‘You could encounter everything that you would expect to see from the Southern Ocean all the way up to the Arctic Circle. And then on the way south, you have the navigational challenges of the North Sea to contend with. In terms of miles, this race is three Fastnets back-to-back but in real terms it is exponentially larger than that. Completing it is an achievement beyond most others.’
The overall winner of the Sevenstar Round Britain and Ireland Race is decided by IRC time correction. The winner of the last edition in 2018 was Giles Redpath’s Lombard 46 Pata Negra. Antoine Magre was one of the crew and will be racing again in 2022 on Class40 Palanad 3. A number of Class40 teams are expected. Palanad 3 is both the 2021 Fastnet Class40 champion and overall winner of the 2021 RORC Transatlantic Race.
‘In 2018 I said to myself that I need to do this race on a Class40. There is some upwind, but a lot of reaching angles where you can open up – it will be a whole new world in a Class40,’ says Magre. ‘It is a very fast and very harsh race; that is the attraction. You know you are going to have storms to deal with and it can be wild and hostile. It is a complete race in terms of seamanship skills and I would love to put a second notch on my belt!’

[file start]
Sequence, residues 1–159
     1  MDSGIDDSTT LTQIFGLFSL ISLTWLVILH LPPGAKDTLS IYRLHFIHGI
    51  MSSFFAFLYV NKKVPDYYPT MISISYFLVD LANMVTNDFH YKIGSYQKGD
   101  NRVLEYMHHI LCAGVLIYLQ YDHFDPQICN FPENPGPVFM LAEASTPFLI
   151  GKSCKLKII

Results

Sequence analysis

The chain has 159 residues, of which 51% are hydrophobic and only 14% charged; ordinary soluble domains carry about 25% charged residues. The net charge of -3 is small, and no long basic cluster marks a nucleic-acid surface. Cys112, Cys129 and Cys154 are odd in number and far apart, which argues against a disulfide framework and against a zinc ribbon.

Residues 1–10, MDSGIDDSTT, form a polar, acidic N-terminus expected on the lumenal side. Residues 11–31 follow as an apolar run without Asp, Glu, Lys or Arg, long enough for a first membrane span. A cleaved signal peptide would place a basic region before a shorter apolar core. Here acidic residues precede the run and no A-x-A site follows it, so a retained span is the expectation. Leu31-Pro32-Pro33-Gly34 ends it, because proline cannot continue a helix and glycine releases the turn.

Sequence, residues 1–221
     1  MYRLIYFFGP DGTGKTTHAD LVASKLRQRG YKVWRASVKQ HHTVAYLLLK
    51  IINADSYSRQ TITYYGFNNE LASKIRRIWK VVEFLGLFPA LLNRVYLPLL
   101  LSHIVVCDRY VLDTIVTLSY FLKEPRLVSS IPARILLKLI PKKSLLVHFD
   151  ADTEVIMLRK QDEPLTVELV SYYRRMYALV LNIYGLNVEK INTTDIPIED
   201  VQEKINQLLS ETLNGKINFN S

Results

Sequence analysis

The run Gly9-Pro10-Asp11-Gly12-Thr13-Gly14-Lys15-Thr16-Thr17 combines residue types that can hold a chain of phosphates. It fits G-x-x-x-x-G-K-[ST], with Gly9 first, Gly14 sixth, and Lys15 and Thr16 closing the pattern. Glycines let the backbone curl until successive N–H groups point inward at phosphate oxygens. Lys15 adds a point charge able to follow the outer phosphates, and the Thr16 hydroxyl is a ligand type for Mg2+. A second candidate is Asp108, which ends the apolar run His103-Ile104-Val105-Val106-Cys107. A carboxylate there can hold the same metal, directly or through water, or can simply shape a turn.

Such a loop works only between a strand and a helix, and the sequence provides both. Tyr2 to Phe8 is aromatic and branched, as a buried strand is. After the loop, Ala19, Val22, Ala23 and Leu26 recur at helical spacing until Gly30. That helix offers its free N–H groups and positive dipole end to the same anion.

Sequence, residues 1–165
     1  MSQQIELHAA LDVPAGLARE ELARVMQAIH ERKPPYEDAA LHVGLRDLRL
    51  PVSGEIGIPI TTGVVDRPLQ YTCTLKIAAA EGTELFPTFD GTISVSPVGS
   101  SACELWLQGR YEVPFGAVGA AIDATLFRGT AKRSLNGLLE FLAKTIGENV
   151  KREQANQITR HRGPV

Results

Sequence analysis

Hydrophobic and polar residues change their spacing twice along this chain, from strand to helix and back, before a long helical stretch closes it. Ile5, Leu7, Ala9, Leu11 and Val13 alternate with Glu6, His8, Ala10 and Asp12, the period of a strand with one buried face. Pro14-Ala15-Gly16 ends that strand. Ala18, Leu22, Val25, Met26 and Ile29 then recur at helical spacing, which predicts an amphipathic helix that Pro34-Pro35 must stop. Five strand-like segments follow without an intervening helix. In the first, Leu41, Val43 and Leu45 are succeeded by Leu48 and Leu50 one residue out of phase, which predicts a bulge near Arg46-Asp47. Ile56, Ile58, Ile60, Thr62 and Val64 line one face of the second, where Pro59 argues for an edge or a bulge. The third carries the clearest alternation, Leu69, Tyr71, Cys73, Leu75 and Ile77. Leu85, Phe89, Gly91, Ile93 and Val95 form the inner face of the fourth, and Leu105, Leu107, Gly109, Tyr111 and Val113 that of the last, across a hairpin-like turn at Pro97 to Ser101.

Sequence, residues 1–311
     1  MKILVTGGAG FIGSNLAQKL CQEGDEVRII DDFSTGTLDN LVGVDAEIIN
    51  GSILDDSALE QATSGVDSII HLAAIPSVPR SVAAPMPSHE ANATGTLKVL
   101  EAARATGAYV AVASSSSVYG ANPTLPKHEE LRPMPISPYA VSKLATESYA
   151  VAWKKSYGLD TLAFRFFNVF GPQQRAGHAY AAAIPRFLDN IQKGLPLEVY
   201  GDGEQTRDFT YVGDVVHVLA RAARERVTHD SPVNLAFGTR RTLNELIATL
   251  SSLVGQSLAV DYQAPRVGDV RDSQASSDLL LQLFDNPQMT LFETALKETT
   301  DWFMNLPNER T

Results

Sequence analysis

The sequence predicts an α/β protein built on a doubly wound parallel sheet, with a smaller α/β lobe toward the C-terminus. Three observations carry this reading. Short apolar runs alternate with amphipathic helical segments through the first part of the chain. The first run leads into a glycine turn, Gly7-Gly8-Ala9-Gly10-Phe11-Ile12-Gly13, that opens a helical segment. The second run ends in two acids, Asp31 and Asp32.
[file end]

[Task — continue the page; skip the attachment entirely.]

British servicemen and women have raced with the RORC since the Club’s conception. The British Army Sailing Association (ASA) was founded in 1947 and has competed in RORC races for decades. Will Naylor will skipper the ASA’s Sun Fast 3600 Fujitsu British Soldier for the 2022 Sevenstar Round Britain and Ireland Race. On three different iterations of British Soldier, Naylor has completed every race and this will be his fourth. ‘For me this is a proper offshore sailor’s race. You get all of the weather conditions and you use every sail in the locker.
‘The biggest achievement is to finish; a good result is a bonus. There is no better sailing test of the military skills of leadership and teamwork. Getting round in one piece is down to the crew. In 2018 we had power issues so we had to sail the boat like a dinghy. We crossed the finish line at 0200 on my birthday. It was my first race as skipper and we had got the job done. I genuinely love this race; it is a fantastic experience and that is why I keep coming back.’